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Fact Sheet
Office of the Spokesman
Washington, DC
December 20, 2002

Oil-for-Food Program

A new fact sheet on this topic was released on November 21, 2003

The United States is at the forefront of UN efforts to enable Iraq to use its resources to acquire goods needed to improve the lives of ordinary Iraqis. These international efforts, initiated by the United States and administered by the UN under the Oil-for-Food Program, have prevented a potential humanitarian catastrophe in Iraq. Instead, basic humanitarian needs are being met in Iraq, and the quality of life has been improving since Iraq belatedly accepted the Oil-for-Food Program in 1996. Continuation of this trend is up to Baghdad, and its willingness to cooperate fully with the United Nations. Unfortunately, the UN effort is hampered by Iraqi non-cooperation.

Key Facts and Chronology:

  • After the Gulf War and liberation of Kuwait, a UN Secretary-General's team determined that the Iraqi people faced a humanitarian catastrophe, including epidemic and famine, if life-support needs were not rapidly met.
  • The United States introduced UN Security Council Resolutions 706 and 712 in August and September of 1991.
  • These resolutions eased sanctions on the sale of oil, imposed in response to Iraq's invasion of Kuwait, by allowing Iraq to sell a certain amount of oil and use proceeds to meet the humanitarian needs of its people. Iraq refused to cooperate and made no sales under 706 and 712, and refused to discuss alternate arrangements.
  • Instead, Iraq in effect held its own people hostage. It demanded that the UN Security Council lift all sanctions unconditionally. It simultaneously refused to cooperate with efforts to rid Iraq of weapons of mass destruction, a key precondition set by the UN for ending sanctions. The Iraqi strategy was a duplicitous effort to blame the international community for the suffering of its people, and thereby force the UN to end sanctions without ensuring that Iraq relinquish its weapons of mass destruction programs.
  • UN Security Council Resolution 986, which passed in April 1995, established the current Oil-for-Food Program, to further facilitate the delivery of humanitarian relief to the Iraqi people. Iraqi intransigence, however, delayed implementation of the program until December 1996.
  • Oil-for-Food has steadily expanded over the years, lifting the limit on the amount of oil that could be sold and expanding the range of goods that can be purchased. In May 2002, the United States led an initiative to streamline UN procedures for the export of goods into Iraq under the Program. This authorized the export of all goods, except those prohibited under the arms embargo or contained on a list of "dual-use" items that could have military or weapons of mass destruction applications. Items on this list, the so-called "Goods Review List," are subject to special review procedures.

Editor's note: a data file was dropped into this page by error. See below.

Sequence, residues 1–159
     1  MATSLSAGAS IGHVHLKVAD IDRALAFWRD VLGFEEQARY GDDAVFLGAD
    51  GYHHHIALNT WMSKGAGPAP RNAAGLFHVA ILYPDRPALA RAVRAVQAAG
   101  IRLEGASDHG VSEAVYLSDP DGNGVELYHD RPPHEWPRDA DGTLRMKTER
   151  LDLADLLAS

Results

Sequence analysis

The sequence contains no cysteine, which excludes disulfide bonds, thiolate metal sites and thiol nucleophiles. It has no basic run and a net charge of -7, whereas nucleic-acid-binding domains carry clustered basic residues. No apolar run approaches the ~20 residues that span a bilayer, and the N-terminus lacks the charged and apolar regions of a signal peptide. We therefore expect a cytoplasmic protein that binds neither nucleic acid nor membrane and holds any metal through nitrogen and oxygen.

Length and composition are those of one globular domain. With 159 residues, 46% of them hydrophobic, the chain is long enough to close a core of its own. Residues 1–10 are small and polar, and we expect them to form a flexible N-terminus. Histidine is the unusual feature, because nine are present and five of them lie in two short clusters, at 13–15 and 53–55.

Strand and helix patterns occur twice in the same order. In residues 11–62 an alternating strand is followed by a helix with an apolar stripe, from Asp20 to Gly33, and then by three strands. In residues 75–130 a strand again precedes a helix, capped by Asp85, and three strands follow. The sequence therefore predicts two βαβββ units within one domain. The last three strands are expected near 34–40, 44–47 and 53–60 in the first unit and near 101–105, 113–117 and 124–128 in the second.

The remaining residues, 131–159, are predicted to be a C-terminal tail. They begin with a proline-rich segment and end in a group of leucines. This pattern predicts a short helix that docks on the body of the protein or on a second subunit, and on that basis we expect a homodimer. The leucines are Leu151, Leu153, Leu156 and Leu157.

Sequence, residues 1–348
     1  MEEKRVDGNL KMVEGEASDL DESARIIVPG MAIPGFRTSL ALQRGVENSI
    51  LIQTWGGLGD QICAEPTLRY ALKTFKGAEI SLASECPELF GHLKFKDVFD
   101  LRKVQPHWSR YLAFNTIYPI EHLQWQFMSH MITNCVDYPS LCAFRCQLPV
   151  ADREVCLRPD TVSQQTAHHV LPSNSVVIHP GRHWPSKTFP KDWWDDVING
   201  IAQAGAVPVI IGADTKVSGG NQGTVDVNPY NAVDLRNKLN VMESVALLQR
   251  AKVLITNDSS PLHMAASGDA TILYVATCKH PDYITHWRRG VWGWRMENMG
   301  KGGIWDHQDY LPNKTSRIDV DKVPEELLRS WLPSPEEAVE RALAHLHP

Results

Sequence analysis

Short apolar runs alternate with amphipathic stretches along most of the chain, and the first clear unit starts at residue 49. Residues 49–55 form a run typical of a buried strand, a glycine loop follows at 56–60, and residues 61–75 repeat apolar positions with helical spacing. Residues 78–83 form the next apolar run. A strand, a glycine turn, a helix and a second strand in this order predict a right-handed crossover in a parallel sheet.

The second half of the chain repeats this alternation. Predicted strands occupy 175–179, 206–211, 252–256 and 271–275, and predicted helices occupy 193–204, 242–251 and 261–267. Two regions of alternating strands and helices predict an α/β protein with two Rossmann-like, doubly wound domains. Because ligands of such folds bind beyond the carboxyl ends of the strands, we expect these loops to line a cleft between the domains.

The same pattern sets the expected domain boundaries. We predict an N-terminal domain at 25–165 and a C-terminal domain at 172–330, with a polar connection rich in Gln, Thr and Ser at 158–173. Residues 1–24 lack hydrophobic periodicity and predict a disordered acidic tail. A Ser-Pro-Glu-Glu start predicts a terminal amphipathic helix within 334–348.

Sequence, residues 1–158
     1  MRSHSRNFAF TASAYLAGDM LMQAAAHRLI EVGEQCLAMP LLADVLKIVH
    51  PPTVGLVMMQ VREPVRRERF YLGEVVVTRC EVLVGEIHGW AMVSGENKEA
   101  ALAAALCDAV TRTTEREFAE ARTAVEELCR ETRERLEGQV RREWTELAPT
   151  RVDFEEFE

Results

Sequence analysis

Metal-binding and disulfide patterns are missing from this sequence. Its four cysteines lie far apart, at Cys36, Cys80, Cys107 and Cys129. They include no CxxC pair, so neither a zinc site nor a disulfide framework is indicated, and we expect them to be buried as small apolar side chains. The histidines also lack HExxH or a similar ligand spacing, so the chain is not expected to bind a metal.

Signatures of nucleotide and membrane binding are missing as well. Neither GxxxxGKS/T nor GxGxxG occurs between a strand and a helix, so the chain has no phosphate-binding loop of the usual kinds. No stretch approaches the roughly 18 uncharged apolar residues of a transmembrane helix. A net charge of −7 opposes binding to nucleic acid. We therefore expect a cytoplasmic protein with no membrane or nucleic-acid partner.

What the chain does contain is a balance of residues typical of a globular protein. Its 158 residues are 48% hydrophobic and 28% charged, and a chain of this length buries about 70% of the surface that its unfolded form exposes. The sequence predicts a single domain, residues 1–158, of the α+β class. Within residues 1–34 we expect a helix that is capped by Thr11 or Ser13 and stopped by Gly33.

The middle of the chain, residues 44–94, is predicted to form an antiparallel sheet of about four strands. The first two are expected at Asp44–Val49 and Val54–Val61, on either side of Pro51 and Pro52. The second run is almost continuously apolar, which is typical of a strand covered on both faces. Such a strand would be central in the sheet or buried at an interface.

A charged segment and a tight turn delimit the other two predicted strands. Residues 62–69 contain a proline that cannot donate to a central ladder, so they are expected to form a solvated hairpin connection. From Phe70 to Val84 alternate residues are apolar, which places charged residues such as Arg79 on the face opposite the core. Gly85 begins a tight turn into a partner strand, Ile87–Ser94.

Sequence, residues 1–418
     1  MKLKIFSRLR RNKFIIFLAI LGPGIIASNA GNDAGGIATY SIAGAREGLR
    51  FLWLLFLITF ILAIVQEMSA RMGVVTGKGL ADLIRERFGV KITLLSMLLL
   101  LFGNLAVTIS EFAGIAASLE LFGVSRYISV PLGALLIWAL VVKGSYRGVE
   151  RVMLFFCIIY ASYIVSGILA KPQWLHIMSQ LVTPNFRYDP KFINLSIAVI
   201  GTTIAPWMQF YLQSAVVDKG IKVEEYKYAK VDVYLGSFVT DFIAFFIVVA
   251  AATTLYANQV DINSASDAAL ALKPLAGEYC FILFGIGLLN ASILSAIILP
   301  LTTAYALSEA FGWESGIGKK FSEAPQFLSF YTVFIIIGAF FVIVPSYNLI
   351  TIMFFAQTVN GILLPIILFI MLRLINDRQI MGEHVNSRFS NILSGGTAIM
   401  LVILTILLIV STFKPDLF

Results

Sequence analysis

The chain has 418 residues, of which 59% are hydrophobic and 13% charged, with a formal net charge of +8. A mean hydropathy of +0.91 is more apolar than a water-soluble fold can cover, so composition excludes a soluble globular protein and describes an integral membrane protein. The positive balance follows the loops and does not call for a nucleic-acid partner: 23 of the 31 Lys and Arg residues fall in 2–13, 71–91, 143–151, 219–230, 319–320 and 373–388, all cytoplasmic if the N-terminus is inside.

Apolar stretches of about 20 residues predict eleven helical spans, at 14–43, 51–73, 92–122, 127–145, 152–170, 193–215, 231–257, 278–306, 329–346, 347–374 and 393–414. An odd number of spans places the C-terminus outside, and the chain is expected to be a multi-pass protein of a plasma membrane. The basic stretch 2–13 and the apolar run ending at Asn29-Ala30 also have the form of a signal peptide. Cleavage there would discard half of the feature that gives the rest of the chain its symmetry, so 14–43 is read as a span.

• In spite of Iraqi subversion, Oil-for-Food has been a dramatic success. $25 billion in humanitarian supplies and equipment have been delivered to Iraq, and another $10 billion is in the pipeline. Caloric intake has doubled, and communicable diseases have declined significantly among the Iraqi population. The transportation, agriculture, and electricity sectors have also been rehabilitated. In his November 2002 Report to the Security Council on the Oil-for-Food Program, the UN Secretary-General observed that "the program has made and continues to make a major difference in the lives of ordinary Iraqis."
  • More could be done, if Saddam Hussein would fully cooperate with the UN, both in the Oil-for-Food Program and in disarmament. Instead, the Iraqi government continues to exploit the Program. It has withheld sales from the market for political reasons and continues to smuggle oil out illegally - both of which deprive the Program of revenue. The Iraqi regime continues to divert dual-use items from humanitarian needs to military programs. All exports of military items to Iraq continue to be barred by UN Security Council resolutions.

Frequently Asked Questions:

Q: Doesn't buying Iraqi oil just support Saddam Hussein?

A: No, not if it is purchased through the Oil-for-Food Program. Proceeds are deposited directly into a UN escrow account. The use of these funds is administered by the UN's Office of Iraq Programs for the benefit of the Iraqi people. 72% of all proceeds fund the humanitarian program. Another 25% underwrites reparations owed by Iraq for damage and destruction during its invasion and illegal occupation of Kuwait. 2.2% covers administration of the UN Office. The remaining 0.8% funds the UN arms inspectors in Iraq.

Q: Isn't the United States seeking to withhold needed medicines from the Iraqi people?

A: No. We are proposing that the UN Sanctions Committee on Iraq review requests for medications that might have military use when the requests are for quantities that are grossly in excess of any civilian requirement. The United States opposes allowing the Iraqi military to stockpile quantities of certain medicines that could be used to protect its troops in the event Iraq launched chemical or biological warfare.

Released on December 20, 2002

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